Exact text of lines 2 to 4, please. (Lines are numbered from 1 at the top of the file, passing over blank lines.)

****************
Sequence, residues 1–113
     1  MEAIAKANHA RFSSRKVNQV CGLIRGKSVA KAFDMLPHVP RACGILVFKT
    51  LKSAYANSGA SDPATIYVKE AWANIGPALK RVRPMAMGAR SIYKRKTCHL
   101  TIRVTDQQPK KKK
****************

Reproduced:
     1  MEAIAKANHA RFSSRKVNQV CGLIRGKSVA KAFDMLPHVP RACGILVFKT
    51  LKSAYANSGA SDPATIYVKE AWANIGPALK RVRPMAMGAR SIYKRKTCHL
   101  TIRVTDQQPK KKK